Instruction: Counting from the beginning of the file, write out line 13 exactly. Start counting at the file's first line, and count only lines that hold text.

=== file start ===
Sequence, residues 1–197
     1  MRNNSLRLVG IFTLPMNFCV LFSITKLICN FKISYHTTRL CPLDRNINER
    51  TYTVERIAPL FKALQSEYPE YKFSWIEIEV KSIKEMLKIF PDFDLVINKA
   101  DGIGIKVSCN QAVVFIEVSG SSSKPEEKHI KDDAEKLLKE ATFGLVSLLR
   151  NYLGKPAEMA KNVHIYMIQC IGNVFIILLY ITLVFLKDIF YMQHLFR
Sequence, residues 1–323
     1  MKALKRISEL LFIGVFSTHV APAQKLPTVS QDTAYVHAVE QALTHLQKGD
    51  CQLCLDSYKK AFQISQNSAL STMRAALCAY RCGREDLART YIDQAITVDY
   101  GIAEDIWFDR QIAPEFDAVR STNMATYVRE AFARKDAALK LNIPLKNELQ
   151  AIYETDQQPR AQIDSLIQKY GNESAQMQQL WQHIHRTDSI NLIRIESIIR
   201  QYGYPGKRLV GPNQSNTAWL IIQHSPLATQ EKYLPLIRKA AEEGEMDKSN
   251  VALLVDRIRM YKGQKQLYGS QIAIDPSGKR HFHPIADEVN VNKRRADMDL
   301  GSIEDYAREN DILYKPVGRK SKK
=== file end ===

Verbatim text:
   301  GSIEDYAREN DILYKPVGRK SKK